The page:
How Do You Want This To Change You?

There are many questions that arise due to the pandemic and our efforts to deal with it. One question that I have not seen much of yet: How do you want this to change you?

The Opportunity

While the reasons for it are regrettable (for some heartbreaking), we live in a time of remarkable opportunity. Our normal, daily routine has been completely upended. Moreover, we don’t know when things will change, or what the end state of our world will be.

This means we have a chance to have a larger impact on our own future lives, and the future condition of our entire society right now.

Think back to before self-isolation started, before schools were closed and people started wearing masks. The thought of making changes, on an individual or collective level, was daunting to say the least. Could you imagine not driving everywhere all the time? Could you imagine working from home?

But now we see what kind of change is possible, if we want it enough and agree to make it happen. For instance, massive, structural changes to address climate change is possible. Evictions can be stopped. Paid sick leave, universal health care, and working from home can be done.

Making Change

But in order for those things, or others, to happen, we have to want them and be willing to change our behaviors in order to make them happen. We have to convince our elected leaders we want these things. And if we are told they aren’t possible, we know that’s simply not true, because we have seen them happen when the need is great enough.

All this change has to start at the individual level. How do you want your life to change? Before life goes back to pre-pandemic behavior, spend some time thinking about what it is that is truly important to you. What have you learned about yourself, your community, and larger society?

Related questions: Are there unexpected benefits to what we are going through? How have you changed? How have we changed? Can people change?

Are We Living In A Simulation?

The idea that our world is just a computer simulation was popularized by the movie The Matrix. But the idea itself is much older than that.

Over 2000 years ago, Plato suggested that we are just people chained in a cave, and what we think of as reality are just shadows on the wall. That’s fairly close to the idea of a reality that is generated by a giant computer.

While our experiences certainly seem real to us, it’s not too hard to imagine a different scenario. Computer graphics, like in common video games, are getting more and more realistic. Virtual Reality headsets are commonplace. And while the graphics they use are still somewhat rudimentary, users often comment about how they quickly come to accept the false world.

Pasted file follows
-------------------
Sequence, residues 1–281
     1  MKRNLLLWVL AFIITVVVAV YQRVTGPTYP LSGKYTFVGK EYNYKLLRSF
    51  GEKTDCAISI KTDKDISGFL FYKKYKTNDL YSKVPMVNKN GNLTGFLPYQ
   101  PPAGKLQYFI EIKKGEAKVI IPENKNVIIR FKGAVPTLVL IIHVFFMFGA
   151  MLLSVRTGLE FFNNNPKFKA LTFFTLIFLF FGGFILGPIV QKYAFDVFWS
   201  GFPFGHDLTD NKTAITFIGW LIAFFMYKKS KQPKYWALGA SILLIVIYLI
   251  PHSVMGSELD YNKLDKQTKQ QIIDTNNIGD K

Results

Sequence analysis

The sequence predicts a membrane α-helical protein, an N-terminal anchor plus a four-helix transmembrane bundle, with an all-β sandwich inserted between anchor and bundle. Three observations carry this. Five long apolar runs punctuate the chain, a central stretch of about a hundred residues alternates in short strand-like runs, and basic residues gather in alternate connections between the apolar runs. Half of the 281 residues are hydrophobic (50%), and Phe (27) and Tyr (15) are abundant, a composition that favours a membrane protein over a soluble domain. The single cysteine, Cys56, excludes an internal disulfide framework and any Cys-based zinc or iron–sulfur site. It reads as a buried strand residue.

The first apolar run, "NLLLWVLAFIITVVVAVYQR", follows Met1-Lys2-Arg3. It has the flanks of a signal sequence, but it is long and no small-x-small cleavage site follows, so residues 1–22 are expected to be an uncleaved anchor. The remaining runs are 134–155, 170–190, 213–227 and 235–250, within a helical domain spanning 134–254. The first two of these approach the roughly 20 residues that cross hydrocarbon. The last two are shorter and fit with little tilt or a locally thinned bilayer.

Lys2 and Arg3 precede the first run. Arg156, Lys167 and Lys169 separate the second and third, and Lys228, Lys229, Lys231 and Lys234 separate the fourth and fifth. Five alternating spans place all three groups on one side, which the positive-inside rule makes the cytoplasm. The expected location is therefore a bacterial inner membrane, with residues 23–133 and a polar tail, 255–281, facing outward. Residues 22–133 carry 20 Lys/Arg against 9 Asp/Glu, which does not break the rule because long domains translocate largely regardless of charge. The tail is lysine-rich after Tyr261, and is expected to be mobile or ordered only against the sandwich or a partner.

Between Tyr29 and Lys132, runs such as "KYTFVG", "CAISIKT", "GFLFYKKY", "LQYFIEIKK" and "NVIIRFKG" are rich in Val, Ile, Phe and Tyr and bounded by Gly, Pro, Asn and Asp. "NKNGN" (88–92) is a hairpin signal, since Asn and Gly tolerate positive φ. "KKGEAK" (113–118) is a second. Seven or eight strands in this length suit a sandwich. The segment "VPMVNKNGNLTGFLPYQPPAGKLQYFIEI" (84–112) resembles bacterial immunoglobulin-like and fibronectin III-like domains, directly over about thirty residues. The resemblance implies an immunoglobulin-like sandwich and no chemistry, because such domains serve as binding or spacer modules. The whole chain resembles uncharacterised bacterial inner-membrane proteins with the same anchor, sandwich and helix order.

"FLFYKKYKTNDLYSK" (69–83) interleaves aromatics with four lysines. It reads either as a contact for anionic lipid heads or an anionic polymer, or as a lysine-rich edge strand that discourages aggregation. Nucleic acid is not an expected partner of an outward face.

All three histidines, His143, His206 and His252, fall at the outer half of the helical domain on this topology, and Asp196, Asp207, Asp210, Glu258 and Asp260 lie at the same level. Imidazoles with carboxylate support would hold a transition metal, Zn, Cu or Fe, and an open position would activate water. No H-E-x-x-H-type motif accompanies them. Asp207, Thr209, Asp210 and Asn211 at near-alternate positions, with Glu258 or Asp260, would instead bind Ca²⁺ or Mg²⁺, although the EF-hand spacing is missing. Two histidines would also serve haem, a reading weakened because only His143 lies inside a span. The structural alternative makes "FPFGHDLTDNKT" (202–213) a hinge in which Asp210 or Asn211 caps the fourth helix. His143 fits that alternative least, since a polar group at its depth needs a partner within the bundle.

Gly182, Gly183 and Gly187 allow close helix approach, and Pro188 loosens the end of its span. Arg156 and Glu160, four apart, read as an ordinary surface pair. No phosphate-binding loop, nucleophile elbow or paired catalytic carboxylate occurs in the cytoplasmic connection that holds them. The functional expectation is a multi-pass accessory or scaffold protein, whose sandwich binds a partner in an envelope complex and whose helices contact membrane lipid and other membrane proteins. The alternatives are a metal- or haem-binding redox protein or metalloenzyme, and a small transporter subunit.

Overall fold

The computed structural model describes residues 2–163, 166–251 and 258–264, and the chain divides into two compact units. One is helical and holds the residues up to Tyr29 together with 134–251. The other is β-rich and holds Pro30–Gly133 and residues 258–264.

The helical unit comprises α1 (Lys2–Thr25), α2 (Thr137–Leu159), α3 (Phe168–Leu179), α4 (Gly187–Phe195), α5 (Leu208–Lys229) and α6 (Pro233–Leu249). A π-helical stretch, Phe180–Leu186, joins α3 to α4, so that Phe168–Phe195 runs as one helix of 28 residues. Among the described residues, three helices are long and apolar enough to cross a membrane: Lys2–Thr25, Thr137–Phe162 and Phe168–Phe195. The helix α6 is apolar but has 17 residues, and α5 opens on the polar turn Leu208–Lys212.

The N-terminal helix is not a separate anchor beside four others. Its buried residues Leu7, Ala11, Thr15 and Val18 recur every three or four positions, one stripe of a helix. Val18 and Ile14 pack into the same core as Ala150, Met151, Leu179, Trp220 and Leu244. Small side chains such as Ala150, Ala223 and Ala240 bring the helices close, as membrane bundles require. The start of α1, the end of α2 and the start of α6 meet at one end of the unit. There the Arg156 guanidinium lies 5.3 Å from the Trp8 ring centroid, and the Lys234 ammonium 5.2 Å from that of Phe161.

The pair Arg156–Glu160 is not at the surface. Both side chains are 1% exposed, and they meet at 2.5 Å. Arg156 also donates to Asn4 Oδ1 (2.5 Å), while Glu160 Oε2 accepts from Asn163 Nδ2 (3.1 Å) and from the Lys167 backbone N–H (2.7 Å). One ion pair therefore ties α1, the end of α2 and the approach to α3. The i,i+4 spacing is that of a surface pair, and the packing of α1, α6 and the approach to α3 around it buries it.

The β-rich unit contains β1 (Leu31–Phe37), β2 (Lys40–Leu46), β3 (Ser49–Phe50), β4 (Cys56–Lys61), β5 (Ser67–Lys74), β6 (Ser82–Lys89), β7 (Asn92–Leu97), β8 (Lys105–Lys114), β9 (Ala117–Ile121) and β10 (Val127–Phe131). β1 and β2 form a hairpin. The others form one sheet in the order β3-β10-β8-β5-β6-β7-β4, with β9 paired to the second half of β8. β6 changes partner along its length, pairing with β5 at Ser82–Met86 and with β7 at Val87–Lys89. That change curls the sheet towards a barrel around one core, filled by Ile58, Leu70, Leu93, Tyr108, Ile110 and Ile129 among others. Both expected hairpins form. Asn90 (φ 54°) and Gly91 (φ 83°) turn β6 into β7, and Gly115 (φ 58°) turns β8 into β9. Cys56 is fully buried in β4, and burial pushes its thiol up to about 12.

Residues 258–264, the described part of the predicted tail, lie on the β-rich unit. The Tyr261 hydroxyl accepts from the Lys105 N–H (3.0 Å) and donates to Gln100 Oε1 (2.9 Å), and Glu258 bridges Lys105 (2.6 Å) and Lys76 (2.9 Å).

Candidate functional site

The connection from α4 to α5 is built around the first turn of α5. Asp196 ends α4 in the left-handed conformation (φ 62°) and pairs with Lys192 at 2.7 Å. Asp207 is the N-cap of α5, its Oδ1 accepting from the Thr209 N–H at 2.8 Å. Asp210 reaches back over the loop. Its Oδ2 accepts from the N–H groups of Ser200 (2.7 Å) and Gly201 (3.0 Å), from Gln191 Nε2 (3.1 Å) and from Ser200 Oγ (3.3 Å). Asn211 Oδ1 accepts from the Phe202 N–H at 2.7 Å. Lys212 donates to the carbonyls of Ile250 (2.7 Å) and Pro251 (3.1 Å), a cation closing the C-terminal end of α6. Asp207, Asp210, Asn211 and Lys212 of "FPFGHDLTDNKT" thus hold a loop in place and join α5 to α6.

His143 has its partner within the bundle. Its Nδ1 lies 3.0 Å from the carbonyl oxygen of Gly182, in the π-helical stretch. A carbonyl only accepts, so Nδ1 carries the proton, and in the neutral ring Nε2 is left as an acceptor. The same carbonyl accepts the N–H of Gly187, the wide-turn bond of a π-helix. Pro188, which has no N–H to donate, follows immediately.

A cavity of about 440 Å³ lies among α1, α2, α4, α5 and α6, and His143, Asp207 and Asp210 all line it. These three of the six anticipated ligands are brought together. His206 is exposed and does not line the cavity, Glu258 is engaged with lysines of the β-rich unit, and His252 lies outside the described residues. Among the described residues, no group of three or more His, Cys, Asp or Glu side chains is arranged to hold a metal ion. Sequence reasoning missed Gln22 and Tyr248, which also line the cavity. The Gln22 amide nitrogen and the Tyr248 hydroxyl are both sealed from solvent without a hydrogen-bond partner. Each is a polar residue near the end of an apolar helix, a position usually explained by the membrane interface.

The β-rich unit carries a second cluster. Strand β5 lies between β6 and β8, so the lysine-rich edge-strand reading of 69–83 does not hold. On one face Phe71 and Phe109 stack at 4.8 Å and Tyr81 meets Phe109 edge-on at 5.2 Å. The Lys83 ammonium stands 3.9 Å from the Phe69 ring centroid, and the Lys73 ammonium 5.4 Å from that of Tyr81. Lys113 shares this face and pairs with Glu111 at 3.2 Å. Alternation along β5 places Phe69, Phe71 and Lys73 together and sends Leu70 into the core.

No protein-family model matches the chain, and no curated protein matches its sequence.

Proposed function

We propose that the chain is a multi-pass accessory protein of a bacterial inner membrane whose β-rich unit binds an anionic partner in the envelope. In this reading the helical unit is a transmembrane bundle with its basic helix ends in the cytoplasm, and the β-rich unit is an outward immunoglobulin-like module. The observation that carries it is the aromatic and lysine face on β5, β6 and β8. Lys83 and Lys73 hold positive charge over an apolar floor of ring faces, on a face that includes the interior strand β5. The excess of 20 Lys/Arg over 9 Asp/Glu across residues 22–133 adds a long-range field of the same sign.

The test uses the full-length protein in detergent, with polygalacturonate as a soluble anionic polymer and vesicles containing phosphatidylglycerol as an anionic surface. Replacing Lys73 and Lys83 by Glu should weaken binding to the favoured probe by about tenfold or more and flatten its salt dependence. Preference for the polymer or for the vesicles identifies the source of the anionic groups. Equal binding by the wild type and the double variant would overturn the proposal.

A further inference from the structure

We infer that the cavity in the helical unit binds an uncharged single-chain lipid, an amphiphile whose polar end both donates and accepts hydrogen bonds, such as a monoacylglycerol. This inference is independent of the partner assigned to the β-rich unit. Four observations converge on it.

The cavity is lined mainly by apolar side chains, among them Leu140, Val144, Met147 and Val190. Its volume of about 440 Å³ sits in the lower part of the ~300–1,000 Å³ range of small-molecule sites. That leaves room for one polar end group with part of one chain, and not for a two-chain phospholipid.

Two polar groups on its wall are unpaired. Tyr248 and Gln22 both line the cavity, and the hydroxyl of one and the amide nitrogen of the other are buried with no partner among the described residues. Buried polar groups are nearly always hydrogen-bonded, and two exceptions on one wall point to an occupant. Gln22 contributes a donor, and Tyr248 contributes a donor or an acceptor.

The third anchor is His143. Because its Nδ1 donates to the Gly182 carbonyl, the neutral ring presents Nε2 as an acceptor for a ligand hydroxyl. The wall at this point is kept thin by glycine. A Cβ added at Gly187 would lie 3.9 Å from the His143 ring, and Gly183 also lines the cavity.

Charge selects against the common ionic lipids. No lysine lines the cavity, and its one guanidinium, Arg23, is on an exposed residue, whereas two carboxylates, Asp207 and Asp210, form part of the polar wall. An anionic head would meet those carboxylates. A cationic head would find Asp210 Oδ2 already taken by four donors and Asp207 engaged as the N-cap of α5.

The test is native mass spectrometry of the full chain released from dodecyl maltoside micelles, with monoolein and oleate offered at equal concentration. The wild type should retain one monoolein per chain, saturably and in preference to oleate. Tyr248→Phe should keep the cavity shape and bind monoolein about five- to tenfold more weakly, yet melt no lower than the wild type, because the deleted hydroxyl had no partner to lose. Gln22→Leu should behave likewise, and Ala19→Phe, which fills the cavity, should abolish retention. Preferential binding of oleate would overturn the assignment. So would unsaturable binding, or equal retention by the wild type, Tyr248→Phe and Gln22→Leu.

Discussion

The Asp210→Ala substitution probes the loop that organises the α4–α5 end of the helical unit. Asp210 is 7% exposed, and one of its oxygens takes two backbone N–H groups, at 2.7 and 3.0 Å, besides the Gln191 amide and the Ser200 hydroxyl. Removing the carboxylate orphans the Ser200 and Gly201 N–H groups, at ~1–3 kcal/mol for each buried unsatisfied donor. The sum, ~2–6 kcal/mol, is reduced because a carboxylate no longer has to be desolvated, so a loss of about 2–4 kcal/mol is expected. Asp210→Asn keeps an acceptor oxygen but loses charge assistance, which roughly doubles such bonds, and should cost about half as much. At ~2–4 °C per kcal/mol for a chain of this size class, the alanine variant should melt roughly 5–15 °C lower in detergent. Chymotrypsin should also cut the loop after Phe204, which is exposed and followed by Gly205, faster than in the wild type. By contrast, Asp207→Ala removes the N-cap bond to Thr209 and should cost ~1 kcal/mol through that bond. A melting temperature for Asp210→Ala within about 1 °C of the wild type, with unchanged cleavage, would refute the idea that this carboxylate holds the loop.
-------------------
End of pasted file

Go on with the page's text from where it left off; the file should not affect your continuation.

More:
In addition, games like The Sims, which place a computer-generated person or family in the hands of a video-game player, have been around for decades. Artificial Intelligence is getting better and more capable every day. We carry them around with us wherever we go on our smart phones.

Putting all that information together, and in just a few years we can imagine a completely immersive experience where you plug in to the internet and lose yourself as another, computer-generated character in a completely modeled world.

What is real?

How can we be sure that’s hasn’t already happened? Perhaps we are laying on a slab somewhere, with what we think of as the world around us being beamed into our brains. Moreover, maybe we don’t even have a body in the “real” world. Everything we see, everything we experience, could all be algorithms in a complicated computer simulation. Each one of us might be a Sims character.

In some ways, that would explain the universe as we understand it. There are certain physical laws, like the speed of light beingĀ  the fastest speed possible. Laws like these could just be the parameters of our simulation.

That, however, just opens up more questions. If true, what about the world that houses the computer where our simulation exists? How did it come about? What are the physical laws there?

What difference does it make?

If we entertain this idea of living in a computer simulation, does it make any difference to our everyday life? If the emotions that I think I experience turn out to just be some lines of code in a complicated computer program, does that invalidate them in any way? Does it ultimately remove the meaning from my decisions and actions, or does it add meaning? If I feel pain, or experience joy, or have my heart broken, does it matter if it originates from neurons firing in my brain or the spinning of a hard drive?

It’s difficult to imagine any way of actually testing this hypothesis. We may never know if our universe started with a Big Bang or with a coder writing a program to test out some advanced scenario. The idea, though, is a fascinating one. Are we living in a simulation?

Related questions: What is unknowable? How much of our thoughts are our own? What is time? What beliefs do you have that might be wrong?